It s interesting to hear you say that, sinceWarren always seemed to be making the choice of doing first-person from a game design and immersion perspective, whereas you were more concerned with the aesthetic consequences.
Well, I think we were saying that first-person lets us do a lot more right now. So we do increase the immersion, but simply because it works better, because if I go to third-person and look at these third-person games I feel like this kind of weird robot. And in first-person it s very natural to look around and interact with things, I don t have to have some weird arm that s trying to motion blend and looks horrible, all that kind of stuff. And as I said I still think that s somewhat true, depending on your game design and whether you can support third or not. But I think if you look at something like Thief where the player only does a limited number of things with the environment and you can do that fairly robustly in third-person, I think in that case you can immerse almost as well if not better in different ways. I personally still think that first-person is pretty exciting and pretty compelling in a way that other modes often aren t. But I don t think it s the only way to get a player fully involved. It s just always hard when you re looking at a character to be the character at the same time. Are you puppeteering or are you the character? And I think that s a weird thing. That s not yet at the point where we understand it so well that we have an answer.
Despite all your first-person games, you ve always deliberately stayed away from making a shooter, which many seem to find to be the most obvious thing to do with that particular viewpoint. What are your motivations for avoiding it?
I don t dislike them. Personally it s just not all that interesting to me. I don t really play FPSs very much, I mean I do, every couple of years I play something. I played Call of Duty last year, I m sure I ll play Halo 2 and Half-Life 2 this year, assuming they come out. It s not that I dislike them, it s just that they re not what gets me most excited as a creator. It just feels to me that there s a lot of interesting stuff to do that isn t that. In some sense, shooters have ultimate player choice, because they re all about systemsbased damage dealing and damage avoiding. They re incredibly choice based. But on the other hand, that choice is incredibly limited. A role-playing game where I get to decide whether I m the guy who kills people with axes or the guy who kills people with fireballs, that is a choice, but it s just not that compelling to me. So I guess for me I always feel that I ve always tried to think about what can we let the player do that s cool and different and more about their own choices. And it just seems like FPSs are a slightly limited palette for that.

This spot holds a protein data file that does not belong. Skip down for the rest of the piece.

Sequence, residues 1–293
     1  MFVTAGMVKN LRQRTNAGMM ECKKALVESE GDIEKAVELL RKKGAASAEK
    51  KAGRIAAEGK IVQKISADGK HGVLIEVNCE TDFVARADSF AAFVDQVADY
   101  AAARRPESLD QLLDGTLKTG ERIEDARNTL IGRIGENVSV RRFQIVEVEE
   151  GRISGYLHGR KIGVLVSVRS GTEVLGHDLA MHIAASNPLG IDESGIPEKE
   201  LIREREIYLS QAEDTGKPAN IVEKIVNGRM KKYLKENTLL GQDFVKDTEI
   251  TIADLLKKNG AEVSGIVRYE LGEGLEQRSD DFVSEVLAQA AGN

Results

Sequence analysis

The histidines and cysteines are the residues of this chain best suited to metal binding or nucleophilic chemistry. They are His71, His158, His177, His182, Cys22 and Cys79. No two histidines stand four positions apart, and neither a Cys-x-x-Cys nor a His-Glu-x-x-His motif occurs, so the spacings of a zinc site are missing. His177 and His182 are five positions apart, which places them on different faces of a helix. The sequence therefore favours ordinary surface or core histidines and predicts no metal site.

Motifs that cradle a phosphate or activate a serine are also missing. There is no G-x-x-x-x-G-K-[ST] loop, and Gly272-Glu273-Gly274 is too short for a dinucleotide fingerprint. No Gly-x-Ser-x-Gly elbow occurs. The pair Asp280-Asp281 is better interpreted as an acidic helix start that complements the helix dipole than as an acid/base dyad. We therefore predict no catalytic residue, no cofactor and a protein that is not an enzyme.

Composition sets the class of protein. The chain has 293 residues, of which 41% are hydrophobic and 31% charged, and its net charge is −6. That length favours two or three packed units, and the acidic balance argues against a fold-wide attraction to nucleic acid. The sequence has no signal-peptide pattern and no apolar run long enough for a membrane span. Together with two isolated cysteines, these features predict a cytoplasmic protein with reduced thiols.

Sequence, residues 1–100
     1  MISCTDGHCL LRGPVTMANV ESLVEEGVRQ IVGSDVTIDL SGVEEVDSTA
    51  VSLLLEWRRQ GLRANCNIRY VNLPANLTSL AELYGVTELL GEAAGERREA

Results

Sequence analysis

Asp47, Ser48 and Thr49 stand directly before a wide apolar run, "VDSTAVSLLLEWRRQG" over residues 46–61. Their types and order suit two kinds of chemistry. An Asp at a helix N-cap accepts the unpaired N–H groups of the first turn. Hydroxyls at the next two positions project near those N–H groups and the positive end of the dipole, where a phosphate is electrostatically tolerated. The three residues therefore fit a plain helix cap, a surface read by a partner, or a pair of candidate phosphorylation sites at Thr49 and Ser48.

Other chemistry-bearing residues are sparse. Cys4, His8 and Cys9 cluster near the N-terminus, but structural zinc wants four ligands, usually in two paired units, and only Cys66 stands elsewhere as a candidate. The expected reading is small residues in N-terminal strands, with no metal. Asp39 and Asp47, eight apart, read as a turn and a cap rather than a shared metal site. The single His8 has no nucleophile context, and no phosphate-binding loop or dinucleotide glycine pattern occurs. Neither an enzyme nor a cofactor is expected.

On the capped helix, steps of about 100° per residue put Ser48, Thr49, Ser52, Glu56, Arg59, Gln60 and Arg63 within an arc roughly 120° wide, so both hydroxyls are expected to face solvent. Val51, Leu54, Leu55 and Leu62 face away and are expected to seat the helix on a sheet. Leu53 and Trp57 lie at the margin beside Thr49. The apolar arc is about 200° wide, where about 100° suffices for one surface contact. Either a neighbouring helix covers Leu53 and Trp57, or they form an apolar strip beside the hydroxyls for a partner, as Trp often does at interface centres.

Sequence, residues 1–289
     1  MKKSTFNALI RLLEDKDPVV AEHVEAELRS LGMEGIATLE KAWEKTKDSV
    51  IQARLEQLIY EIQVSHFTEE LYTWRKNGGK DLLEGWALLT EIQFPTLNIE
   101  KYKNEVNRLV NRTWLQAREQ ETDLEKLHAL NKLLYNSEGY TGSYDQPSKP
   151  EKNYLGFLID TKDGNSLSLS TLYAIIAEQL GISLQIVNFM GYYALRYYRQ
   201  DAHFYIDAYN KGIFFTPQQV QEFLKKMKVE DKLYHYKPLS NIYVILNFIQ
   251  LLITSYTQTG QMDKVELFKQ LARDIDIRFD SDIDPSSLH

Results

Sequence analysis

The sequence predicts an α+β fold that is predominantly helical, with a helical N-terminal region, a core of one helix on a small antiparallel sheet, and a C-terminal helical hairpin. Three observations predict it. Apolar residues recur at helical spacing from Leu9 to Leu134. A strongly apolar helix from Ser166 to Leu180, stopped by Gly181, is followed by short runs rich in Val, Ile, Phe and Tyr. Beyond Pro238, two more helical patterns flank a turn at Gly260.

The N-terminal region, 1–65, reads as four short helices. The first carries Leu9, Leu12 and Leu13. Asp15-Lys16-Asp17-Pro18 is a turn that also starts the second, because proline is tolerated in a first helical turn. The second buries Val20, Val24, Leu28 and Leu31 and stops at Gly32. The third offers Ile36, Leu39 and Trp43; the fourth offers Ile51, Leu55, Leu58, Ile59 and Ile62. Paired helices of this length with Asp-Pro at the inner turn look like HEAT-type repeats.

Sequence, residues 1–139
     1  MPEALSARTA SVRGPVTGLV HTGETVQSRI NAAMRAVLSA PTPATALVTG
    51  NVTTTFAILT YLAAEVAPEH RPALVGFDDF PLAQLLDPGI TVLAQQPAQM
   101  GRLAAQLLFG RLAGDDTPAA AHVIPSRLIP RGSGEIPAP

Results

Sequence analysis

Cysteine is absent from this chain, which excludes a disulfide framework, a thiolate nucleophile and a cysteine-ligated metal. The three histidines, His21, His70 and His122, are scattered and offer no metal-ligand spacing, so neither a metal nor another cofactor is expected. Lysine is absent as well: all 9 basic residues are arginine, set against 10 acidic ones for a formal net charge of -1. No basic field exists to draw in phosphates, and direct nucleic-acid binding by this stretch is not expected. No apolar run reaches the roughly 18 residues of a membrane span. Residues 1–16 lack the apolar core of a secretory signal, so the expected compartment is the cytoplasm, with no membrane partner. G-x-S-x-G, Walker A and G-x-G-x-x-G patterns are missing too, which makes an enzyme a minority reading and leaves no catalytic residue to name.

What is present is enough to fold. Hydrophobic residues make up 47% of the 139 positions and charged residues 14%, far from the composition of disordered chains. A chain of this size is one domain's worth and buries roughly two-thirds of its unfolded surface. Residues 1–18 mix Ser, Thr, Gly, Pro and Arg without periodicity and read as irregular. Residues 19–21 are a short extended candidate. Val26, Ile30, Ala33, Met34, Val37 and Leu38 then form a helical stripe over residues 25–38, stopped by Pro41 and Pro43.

I ve seen you discuss the concept of game developers abdicating authorship to the player. What exactly do you mean by that?
It s basically the same player stuff, in that we re the media where the player can be on stage, and the consumer of the media can be the one that s at the center of the experience. It s not like in a painting you don t bring yourself to the painting, but that s a slightly different experience than being the person moving around. And so when you think about the unique DNA of gaming and the unique things that we can do that other media can t, that idea of empowering the player and making the player the center of the experience is really pretty compelling to me. As I said, when players remember things, a lot of the stuff they remember is the stuff they did, not the stuff they read about. You talk to Miyamoto and he talks about Hey, I started with the controller. And a lot of designers talk about verbs and the interactions and what are we going to let the player do. It s not that you re not authoring an experience ” you re very clearly authoring an experience ” but you re authoring a set of systems which generate an experience with the player. My hope would be that fifteen or twenty years from now that idea of player-centric mechanics is going to be in more of our games. I hope more of our stuff will be clearly a game that wants to be a game and is empowering the player to show off, and less games that are cool because they ve got someone from a movie or the cut-scenes are great or the explosions are extra-special. Not that those things aren t great; hopefully we ll have all that stuff too, but hopefully we ll also have a player that s a little more involved.
Despite your goal to make your games offer players choices, they re almost all focused on physical conflict and players killing something or avoiding getting killed themselves . And certainly the rest of the industry is even more focused on killing and not getting killed. How long to you think until games offer players really more meaningful verbs to work with?